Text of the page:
If all else fails Part Two

Thanks for your feedback from my last post, both here and on Facebook.

This is a follow up post, but you'll notice I've called it 'part two' not 'number two'. (Sorry. I'll try to resist any more poo jokes.)

I've learned a lot since Part One, both about blogging and about runners bowel. It's only fair I share my insights.

Firstly - what I've learned from your reaction and comments

I've learned that honesty goes a long way when you blog. People DO want to know the gory details. (You sickos!)

I was particularly interested in your comments Brett, thank you!
  • The idea that runners bowel is a fight or flight mechanism, to lighten the body for the long run, is surprisingly comforting.
  • I have not tried a coffee and short run to get things moving. My experience is that once it starts moving, it keeps ON moving, so I don't know whether getting it going is a good thing! I am happy to test this theory, but might wait until the other side of my upcoming race.
  • I have started a food diary for the days leading up to my long runs because ultimately, prevention is better than a cure, especially when the cure is a pharmaceutical. If there is a hidden nugget* I can glean from documenting my eating, it could be extremely worthwhile.
  • I got the date wrong re Paula Radcliffe. It was the 2005 London Marathon when she stopped and relieved herself before running on to win. According to ESPN, the commentator said she was "stretching out a cramp". Now there's a new name for it.
  • And, not poo related, KKB will be my support man for the race.

Sharyn, I Googled Smecta and I don't think it is available in Australia. You can buy it online via Ebay but buying medications online from overseas makes me a little uncomfortable. Might talk to my doctor about it before I take this step.

I learned just last night that my friend Megan's strategy for runners bowel is Gastro Stop and highly processed, non-fibrous foods on the day before a race.

Another friend, who shall remain nameless, suggested that I might consider an enema or colonic irrigation. And I thought Gastro Stop was the "if all else fails" option...

Secondly - what I learned from my long run

Half an hour or so after I rose, and not long before I started running, I took one capsule. The packet said to take 1-2 tablets initially, but I figured since I didn't have symptoms at that time, I was best to be conservative.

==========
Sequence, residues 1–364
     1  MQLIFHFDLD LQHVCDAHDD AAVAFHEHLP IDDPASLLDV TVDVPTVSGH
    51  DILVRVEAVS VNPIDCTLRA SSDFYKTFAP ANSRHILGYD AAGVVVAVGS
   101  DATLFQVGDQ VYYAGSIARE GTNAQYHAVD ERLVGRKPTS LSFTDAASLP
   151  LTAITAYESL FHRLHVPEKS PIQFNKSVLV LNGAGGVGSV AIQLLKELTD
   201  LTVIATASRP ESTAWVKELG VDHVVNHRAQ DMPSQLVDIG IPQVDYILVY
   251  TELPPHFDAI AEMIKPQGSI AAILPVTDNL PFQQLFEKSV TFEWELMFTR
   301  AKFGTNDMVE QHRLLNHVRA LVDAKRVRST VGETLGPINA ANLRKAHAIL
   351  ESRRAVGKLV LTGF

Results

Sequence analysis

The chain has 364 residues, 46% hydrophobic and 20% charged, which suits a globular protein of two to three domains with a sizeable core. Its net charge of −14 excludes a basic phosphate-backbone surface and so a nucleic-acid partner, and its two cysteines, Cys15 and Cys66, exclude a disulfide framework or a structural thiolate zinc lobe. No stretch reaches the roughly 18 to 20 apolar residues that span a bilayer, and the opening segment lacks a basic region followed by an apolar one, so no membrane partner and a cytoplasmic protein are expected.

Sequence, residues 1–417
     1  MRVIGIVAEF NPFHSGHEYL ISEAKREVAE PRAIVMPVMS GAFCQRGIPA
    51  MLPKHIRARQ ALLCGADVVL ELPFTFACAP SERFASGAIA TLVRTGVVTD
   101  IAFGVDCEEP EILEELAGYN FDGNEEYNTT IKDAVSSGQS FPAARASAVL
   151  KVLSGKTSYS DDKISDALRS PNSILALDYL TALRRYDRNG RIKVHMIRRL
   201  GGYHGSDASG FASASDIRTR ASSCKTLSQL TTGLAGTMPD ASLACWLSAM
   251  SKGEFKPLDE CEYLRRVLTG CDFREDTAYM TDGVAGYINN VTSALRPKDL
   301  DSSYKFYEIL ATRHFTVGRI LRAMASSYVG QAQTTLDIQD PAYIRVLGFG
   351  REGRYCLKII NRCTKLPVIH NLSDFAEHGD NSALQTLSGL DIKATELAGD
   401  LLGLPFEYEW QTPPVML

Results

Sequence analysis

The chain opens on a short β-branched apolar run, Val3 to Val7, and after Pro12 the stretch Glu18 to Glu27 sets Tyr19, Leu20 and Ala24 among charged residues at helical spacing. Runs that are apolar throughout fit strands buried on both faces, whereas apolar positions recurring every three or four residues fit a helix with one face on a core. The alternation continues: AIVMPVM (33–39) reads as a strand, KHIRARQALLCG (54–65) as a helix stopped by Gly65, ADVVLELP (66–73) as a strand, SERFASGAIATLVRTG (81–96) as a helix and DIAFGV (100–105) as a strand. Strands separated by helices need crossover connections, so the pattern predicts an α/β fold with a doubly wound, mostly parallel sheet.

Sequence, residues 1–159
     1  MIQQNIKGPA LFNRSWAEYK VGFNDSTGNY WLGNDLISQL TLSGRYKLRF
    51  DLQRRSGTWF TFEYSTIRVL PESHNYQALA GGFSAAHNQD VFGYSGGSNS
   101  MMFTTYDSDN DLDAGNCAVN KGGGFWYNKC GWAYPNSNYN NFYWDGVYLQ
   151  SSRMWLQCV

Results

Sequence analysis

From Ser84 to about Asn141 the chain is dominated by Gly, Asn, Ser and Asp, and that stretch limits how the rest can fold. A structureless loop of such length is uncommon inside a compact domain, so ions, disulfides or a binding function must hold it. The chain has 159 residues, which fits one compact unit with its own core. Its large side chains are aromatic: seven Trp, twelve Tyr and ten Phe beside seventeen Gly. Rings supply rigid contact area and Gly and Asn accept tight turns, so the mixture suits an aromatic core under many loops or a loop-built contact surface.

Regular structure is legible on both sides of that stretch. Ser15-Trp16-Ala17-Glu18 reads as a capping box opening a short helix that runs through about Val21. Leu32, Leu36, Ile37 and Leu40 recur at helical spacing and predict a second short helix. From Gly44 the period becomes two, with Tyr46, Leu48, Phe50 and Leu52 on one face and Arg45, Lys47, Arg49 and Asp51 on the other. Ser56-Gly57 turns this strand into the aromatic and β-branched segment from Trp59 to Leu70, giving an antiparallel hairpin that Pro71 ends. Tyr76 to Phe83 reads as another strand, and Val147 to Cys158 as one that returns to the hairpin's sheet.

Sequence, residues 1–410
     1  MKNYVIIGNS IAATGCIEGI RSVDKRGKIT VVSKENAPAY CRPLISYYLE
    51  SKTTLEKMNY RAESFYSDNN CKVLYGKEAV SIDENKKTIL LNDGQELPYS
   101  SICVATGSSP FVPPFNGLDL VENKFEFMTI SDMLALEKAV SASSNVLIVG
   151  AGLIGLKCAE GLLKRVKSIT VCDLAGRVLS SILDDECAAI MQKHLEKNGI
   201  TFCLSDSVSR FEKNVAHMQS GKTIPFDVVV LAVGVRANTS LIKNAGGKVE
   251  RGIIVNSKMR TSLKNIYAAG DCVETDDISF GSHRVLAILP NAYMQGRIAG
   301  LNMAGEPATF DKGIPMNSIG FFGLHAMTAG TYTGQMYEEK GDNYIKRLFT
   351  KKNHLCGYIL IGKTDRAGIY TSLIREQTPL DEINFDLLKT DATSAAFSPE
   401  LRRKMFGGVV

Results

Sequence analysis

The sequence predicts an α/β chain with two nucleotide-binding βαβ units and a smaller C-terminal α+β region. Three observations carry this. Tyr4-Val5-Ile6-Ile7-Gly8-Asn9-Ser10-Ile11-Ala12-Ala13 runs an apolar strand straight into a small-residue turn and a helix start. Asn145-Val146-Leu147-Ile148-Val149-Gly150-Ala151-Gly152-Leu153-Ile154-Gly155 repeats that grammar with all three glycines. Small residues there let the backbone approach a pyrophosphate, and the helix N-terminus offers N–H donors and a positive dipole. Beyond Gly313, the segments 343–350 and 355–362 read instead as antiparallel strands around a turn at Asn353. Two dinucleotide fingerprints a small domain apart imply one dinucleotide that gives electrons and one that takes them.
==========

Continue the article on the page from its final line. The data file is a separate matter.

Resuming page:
Even with the medication I started feeling like I might need a toilet around the 14k mark. I stopped at Captain Burke Park at Kangaroo Point and there was no action.

I was feeling pretty good but had to stop at around the 22k mark, Eagle Street Pier. When I got around to Wilson's Outlook at New Farm where KKB was faithfully waiting with another drink refill I asked him whether he thought I should take another tablet - the pack says to take another tablet following each subsequent 'loose bowel motion' (I am definitely not making that up!)

He thought it was a good idea. I did too (or I wouldn't have asked). In retrospect it maybe wasn't such a good idea. It took a few days for my insides to get back to normal.

(I have another friend whose remedy for getting back to normal after a long run is a big, f*&k off curry.)

So my conclusion is that Gastro Stop is definitely an "if all else fails" remedy for runner's bowel. I'll definitely be hooking myself up for the 50k race. Maybe for my 42k last long run, I'll try two at the start, none during, and a curry after. We'll see.

But I'm not sure it's wise for weekly training runs.

*OK so I got another poo joke in. 


  1. Thanks for the review! I've been experiencing runner's diarrhea (I'm a newbie runner). My long runs are always punctuated with a need to go! So uncomfortable and it hurts when chafing occurs (sorry, TMI). I will definitely keep diarrhea meds as a 'last resort' for races!

    1. I don't think there is such thing as TMI on blogs about runners bowel! Thanks for reading, and good luck in your running endeavours.